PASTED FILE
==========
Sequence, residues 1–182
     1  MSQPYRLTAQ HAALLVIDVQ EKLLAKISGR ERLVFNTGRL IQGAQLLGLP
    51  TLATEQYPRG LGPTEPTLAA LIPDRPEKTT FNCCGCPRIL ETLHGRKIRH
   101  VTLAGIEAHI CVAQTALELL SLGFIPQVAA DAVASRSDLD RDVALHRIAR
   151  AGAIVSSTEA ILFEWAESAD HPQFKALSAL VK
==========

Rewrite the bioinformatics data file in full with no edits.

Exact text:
Sequence, residues 1–182
     1  MSQPYRLTAQ HAALLVIDVQ EKLLAKISGR ERLVFNTGRL IQGAQLLGLP
    51  TLATEQYPRG LGPTEPTLAA LIPDRPEKTT FNCCGCPRIL ETLHGRKIRH
   101  VTLAGIEAHI CVAQTALELL SLGFIPQVAA DAVASRSDLD RDVALHRIAR
   151  AGAIVSSTEA ILFEWAESAD HPQFKALSAL VK